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Woo-hoo, the temperature this morning is 14F ABOVE zero! That's 31 degrees warmer than it was yesterday morning. The past few days of snow and brutally cold winds have been made easier knowing that this weekend we're supposed to be up in the 40's. All I can say is thank heavens my shearing is scheduled for NEXT Wednesday rather than this week.

Here are my girls wondering why in the heck I was taking photos when I should have been dishing up their alfalfa hay this morning. I want to get some fleece shots of them too, but I will wait until after their feeding. Look at that bad little Shetland Mule yearling jumping up on poor Leonie's back end. She and her twin have are so exuberant at feeding time!

Also, see that blue piece of twine in the photo above? Well yesterday it become wrapped around poor Rhyn's scrapie tag, which you can see in the photo of my BFL ewes below. I went out to feed the girls and heard the unmistakable sound of a ewe in distress. My eyes scan…

'da Boys - fleece shots

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Our shearing is scheduled for March 18th, so I wanted to get some shots of the sheep in full fleece. The weather was great this weekend and I got a few photos of my ram pen. I am very happy with how well my rams and wether get along. It's nice to just have one pen of boys and a pen of ewes.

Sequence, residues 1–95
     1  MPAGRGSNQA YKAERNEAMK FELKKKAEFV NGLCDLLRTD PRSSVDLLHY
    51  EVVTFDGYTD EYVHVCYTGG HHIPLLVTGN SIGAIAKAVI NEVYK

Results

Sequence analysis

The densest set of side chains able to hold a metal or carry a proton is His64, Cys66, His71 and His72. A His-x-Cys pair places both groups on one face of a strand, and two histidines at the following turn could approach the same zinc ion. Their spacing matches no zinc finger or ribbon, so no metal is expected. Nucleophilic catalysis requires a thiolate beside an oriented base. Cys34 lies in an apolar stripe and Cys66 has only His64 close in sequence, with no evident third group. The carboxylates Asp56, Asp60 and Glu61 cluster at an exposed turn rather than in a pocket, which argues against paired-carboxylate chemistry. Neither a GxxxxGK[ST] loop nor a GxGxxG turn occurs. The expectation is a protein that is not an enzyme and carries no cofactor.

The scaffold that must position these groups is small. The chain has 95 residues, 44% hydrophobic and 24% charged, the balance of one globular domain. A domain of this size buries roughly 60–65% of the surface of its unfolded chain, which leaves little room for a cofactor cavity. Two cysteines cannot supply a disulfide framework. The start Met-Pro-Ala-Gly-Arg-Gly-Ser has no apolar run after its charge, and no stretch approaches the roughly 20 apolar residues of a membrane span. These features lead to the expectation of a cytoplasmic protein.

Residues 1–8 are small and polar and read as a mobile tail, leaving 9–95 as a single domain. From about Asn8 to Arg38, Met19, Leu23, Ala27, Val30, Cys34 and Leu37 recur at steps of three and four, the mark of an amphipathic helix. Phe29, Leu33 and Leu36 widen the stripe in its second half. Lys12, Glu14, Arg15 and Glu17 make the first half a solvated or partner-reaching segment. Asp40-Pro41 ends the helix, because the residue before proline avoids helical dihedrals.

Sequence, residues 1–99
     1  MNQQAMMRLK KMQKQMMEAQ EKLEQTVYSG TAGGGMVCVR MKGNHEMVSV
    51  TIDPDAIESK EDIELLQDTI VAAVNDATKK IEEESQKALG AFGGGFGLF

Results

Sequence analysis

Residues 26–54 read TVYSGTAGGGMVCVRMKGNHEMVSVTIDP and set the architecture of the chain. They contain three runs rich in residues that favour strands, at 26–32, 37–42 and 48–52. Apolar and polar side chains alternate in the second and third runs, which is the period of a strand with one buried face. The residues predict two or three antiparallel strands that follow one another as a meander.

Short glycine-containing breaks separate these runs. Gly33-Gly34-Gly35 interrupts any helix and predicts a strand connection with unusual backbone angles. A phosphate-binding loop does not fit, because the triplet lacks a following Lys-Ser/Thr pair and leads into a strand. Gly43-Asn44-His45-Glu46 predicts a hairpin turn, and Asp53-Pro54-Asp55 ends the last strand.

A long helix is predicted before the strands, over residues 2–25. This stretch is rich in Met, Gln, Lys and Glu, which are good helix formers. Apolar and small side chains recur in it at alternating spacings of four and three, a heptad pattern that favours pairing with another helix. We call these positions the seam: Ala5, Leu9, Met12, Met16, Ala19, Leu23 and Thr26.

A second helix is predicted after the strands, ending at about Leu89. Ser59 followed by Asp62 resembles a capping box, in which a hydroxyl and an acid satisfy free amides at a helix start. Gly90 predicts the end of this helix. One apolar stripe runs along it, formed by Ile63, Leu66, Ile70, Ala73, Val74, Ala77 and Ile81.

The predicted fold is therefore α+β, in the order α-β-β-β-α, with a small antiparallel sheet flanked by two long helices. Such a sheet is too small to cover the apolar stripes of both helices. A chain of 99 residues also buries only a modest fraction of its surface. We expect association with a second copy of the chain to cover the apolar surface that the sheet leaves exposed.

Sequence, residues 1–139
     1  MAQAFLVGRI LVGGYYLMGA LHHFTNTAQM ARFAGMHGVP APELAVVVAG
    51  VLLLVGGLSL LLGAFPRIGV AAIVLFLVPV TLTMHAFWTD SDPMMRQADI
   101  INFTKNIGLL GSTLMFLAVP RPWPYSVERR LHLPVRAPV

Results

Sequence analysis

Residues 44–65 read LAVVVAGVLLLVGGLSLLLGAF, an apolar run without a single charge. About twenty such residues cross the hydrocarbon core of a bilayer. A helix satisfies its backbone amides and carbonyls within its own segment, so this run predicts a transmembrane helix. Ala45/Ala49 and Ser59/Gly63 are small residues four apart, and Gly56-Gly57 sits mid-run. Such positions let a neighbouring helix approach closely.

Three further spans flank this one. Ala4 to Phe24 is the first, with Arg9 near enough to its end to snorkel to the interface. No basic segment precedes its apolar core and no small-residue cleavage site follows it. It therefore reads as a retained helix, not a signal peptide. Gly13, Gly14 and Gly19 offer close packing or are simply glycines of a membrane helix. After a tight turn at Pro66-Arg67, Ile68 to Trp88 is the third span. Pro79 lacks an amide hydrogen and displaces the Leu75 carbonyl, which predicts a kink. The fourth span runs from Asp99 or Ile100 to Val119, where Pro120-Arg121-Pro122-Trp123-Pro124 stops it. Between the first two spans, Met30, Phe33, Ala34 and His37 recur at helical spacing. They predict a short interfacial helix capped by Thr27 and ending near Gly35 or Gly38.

Here are all four of our boys, Shetland Mule wether, Socks, is in front, with his natural colored BFL dad, Granite directly behind him. Oh the left is our Ile de France/Dorset ram lamb, Peppy, and on the right is River Oaks Bo, our Shetland ram lamb.


Granite's fleece, upper back/shoulder area...

Socks' fleece - wow!

Bo's fleece, very soft, really not as gray as it appears here. I think he's actually fawn, not moorit.

The three intact boys, Granite, Bo and Peppy.


Size comparison of Bo (9 month old Shetland) and Granite (2 year old BFL). Notcie the Ag-like coloration of Granite's face. There is a lot of variation on the natural colored BFL's -- our natural colored BFL ewes are…

Ninety Cents a bale!

The good news around here is hay is going cheap! I got some small squares for 90 cents a bale at the auction today. It's first crop alfalfa so it's stemmy, but my girls LOVE it.

I've started supplementing them with dairy quality alfalfa hay in the morning and they get their regular grass hay in the evening. But I don't want to use up all the dairy quality hay now and then not have any left when the lambs arrive.

The Bluefaced Leicesters and Shetland Mules are due to lamb in April and the Shetlands are due in May. It will be here before we know it.

Shearing is scheduled in just two weeks. I hope I don't find skinny sheep under all that fleece.

The other good news is that I have finally finished the Shepherd's Harvest booklet, you can download it at www.shepherdsharvestfestival.org. I can't wait to see the printed booklets, we went with a larger size and color covers this year.

More good news is that the Midwest Felting Symposium schedule is finally posted. I…